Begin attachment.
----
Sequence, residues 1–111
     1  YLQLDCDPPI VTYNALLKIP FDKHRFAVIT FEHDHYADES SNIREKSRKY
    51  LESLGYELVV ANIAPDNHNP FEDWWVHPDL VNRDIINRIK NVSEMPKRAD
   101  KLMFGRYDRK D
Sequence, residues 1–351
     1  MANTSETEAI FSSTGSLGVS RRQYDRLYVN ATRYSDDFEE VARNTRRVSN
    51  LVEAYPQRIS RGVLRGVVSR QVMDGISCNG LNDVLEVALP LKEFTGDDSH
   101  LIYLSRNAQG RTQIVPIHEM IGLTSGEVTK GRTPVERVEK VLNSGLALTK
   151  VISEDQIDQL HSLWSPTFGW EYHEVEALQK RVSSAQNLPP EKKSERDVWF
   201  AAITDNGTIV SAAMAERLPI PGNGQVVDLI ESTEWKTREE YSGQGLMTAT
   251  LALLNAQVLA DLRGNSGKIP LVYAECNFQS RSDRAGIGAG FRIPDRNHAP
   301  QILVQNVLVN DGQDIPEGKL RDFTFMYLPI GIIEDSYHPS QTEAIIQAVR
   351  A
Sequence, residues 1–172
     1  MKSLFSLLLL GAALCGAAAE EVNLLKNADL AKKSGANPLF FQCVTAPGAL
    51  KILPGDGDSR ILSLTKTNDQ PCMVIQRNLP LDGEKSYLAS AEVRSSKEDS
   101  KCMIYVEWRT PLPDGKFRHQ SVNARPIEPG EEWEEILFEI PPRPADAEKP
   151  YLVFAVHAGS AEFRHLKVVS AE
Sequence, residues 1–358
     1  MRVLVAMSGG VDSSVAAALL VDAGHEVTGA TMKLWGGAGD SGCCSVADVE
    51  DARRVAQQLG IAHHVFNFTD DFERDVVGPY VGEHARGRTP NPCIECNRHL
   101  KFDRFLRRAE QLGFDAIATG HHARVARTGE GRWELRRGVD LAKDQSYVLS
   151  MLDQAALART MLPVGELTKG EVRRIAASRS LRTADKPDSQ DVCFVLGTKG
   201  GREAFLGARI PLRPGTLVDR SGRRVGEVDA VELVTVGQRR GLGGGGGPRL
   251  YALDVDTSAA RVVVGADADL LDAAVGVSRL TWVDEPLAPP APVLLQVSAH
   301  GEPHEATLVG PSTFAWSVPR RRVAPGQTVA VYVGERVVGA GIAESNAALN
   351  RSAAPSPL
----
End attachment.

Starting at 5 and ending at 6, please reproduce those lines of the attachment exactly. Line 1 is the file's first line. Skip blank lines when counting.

Sequence, residues 1–351
     1  MANTSETEAI FSSTGSLGVS RRQYDRLYVN ATRYSDDFEE VARNTRRVSN